Catholic schools in the archdiocese, along with several Catholic school parents, have filed a lawsuit seeking to compel the New York City Department of Education to live up to its legal obligation to provide Covid-19 testing for its students, as required by New York state law. The case was filed Nov. 18 in New York State Supreme Court on Staten Island. A hearing is set for Monday, Nov. 23, at 2:30 p.m.
The archdiocese announced the suit Nov. 19.
The suit seeks immediate relief from the city Department of Education to fulfill its legal mandate to provide services described in section 912 of New York State Education Law. The section requires school boards to provide children attending nonpublic schools within their districts with “all of the health and welfare services” they provide to their public school students, including “the administration of health screening tests.”
The filing asserts that the city has thus far provided Catholic and other non-governmental schools with different and inferior testing options, in clear disregard of the requirements of the education law.
Given the current spike in Covid-19 cases, Catholic schools and school parents are seeking emergency relief from the court so that students, families, faculty and staff can continue to educate safely and comply with state guidelines.
Michael Deegan, superintendent of schools for the archdiocese, spoke Nov. 17 on Cardinal Dolan’s radio show, “Conversation With Cardinal Dolan” on SiriusXM channel 129, the Catholic Channel. “Much to our utter frustration and anger, when we turned to the New York City Department of Education to provide the exact same testing program that they’re doing in the public schools, we were told no. They stepped away from us, they basically said, we’ll give you the kit, but you’re on your own.
“And that is absolutely unfair,” Deegan said. “We’re not asking for anything more than what is being provided for the public school children in New York City and, frankly, throughout this state.
“We have the law on our side,” Deegan said, noting they have worked with the administration of Mayor Bill de Blasio to reconcile the difference and provide the testing.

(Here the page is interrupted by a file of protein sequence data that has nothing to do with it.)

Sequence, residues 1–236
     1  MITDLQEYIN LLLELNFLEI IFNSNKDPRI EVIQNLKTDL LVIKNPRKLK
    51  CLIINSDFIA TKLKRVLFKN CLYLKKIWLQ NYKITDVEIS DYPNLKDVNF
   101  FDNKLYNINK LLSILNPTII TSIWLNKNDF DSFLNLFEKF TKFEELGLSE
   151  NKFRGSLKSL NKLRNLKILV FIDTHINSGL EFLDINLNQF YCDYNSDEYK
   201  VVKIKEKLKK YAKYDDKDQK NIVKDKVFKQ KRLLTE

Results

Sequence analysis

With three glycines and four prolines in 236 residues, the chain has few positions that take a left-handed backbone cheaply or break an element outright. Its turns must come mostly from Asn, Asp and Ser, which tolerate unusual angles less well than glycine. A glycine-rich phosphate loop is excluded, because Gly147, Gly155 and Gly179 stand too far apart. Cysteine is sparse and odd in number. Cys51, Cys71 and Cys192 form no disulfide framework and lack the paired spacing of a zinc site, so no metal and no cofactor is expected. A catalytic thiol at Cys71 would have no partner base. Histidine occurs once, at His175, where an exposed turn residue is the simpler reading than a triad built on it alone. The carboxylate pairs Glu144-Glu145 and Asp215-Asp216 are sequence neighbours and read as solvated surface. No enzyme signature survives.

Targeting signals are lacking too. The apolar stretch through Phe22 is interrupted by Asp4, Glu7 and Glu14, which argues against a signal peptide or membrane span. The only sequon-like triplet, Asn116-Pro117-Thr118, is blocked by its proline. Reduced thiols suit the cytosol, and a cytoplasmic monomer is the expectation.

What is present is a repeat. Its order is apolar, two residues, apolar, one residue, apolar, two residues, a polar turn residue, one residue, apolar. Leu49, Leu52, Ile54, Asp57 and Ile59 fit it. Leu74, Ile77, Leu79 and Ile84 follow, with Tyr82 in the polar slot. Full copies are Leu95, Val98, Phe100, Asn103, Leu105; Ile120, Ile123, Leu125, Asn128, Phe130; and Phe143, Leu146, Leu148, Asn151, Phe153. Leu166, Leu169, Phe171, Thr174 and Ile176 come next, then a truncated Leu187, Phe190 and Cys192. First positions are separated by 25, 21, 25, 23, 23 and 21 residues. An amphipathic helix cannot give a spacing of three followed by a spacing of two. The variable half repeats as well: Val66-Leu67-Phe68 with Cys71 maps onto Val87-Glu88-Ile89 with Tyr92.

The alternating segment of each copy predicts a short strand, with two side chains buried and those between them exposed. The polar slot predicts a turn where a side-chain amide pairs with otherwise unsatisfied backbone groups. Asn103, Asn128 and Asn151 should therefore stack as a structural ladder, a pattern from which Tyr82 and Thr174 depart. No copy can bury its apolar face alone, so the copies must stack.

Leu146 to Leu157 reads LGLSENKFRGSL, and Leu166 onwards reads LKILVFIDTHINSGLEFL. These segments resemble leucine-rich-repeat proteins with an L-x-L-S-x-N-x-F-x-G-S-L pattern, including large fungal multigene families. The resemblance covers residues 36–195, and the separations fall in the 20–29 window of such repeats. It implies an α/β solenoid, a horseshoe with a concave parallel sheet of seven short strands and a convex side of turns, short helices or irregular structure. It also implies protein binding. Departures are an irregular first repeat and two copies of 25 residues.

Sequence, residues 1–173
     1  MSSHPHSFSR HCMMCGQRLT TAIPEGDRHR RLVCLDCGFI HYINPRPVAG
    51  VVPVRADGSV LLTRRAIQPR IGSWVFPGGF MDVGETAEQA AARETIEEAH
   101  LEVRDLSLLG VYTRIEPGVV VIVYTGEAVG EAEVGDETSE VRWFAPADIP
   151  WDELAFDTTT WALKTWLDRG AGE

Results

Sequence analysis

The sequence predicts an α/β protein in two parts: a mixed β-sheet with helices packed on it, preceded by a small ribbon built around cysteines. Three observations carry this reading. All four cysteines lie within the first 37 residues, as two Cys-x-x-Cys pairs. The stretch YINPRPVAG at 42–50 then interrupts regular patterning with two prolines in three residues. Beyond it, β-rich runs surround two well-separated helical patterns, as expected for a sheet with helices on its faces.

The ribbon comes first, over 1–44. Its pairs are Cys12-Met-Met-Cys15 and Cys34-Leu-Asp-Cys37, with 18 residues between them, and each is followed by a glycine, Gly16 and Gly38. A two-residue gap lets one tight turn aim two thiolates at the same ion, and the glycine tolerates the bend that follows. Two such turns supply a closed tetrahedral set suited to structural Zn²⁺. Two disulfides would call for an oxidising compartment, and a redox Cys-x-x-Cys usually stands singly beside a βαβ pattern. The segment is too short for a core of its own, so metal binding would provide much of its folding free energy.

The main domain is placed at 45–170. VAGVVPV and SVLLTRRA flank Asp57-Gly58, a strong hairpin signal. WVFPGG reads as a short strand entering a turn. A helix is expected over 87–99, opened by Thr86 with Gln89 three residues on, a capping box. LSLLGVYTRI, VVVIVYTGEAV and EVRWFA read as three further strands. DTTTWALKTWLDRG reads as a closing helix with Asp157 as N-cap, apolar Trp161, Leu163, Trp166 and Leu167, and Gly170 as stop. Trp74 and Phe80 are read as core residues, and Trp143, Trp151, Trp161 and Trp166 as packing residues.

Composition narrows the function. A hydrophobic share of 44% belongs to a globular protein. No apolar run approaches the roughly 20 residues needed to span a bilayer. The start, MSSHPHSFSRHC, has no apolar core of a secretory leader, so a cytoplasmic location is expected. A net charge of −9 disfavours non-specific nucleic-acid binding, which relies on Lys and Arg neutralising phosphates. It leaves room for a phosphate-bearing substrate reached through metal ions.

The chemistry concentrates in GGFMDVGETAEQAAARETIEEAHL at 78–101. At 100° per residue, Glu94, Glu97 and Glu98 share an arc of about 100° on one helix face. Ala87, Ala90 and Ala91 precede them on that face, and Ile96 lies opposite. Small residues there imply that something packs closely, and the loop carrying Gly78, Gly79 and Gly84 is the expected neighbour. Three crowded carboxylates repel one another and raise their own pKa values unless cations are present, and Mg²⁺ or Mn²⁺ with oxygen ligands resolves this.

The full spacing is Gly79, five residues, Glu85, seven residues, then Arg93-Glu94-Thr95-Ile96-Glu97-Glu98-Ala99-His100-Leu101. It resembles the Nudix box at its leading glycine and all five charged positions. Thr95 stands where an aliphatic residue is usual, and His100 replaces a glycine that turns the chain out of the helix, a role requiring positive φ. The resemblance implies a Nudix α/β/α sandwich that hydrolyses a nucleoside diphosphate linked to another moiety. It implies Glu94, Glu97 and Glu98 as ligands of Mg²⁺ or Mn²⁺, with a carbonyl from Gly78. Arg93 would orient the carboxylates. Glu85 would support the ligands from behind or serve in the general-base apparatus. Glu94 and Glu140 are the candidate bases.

“They have failed to do it,” Deegan said. “And as a result of that, the Catholic schools of the archdiocese are going to go to court and argue our case that we are entitled to the same health and safety protocols that the public schools are getting.”
The bottom line, the superintendent of schools concluded, is “all about making sure that our children and our teachers and staffs are protected and that we comply with the law.”
Cardinal Dolan thanked Deegan for his leadership and said, “This is a case of fairness, this is a case of justice, this is a case of religious liberty. The government has the duty to protect all our kids,” emphasizing “all our kids.”
“Where they’re at is secondary,” the cardinal added.
Catholic schools on Staten Island reopened to in-person learning Nov. 16, after a two-day return to remote learning Nov. 12 and 13 as a substantial portion of Staten Island was recently categorized as a yellow zone in conjunction with the coronavirus pandemic.
The yellow zone classification came as the average Covid-19 positivity rates in many areas of Staten Island rose to as high as 5.2 percent and daily hospital admissions increased.
At issue for Catholic schools is the lack of availability of coronavirus testing, Deegan explained in recent letters to Catholic school families posted on the website catholicschoolsny.org.
The city and New York state “can say they are providing a free test kit,” Deegan said, “but they are not providing staff, paying for a lab to complete the processing, nor creating the reports which schools must submit to the state. This is not parity under the law.”
Deegan said that since Sept. 9, Catholic schools have provided safe, in-person learning. “We will continue to remain faithful to all the health and safety protocols and procedures as laid out by federal, state and city health officials and the Catholic Schools Reopening Plan. We intend to keep our buildings open regardless of decisions made by Mayor de Blasio regarding NYC public schools.”
Catholic schools in the archdiocese operate independently of New York City public schools, Deegan concluded, and assured that Catholic schools will remain open until the Health and Safety Task Force of the Office of the Superintendent, working with officials from the New York State Department of Health and the governor’s office, determines otherwise.
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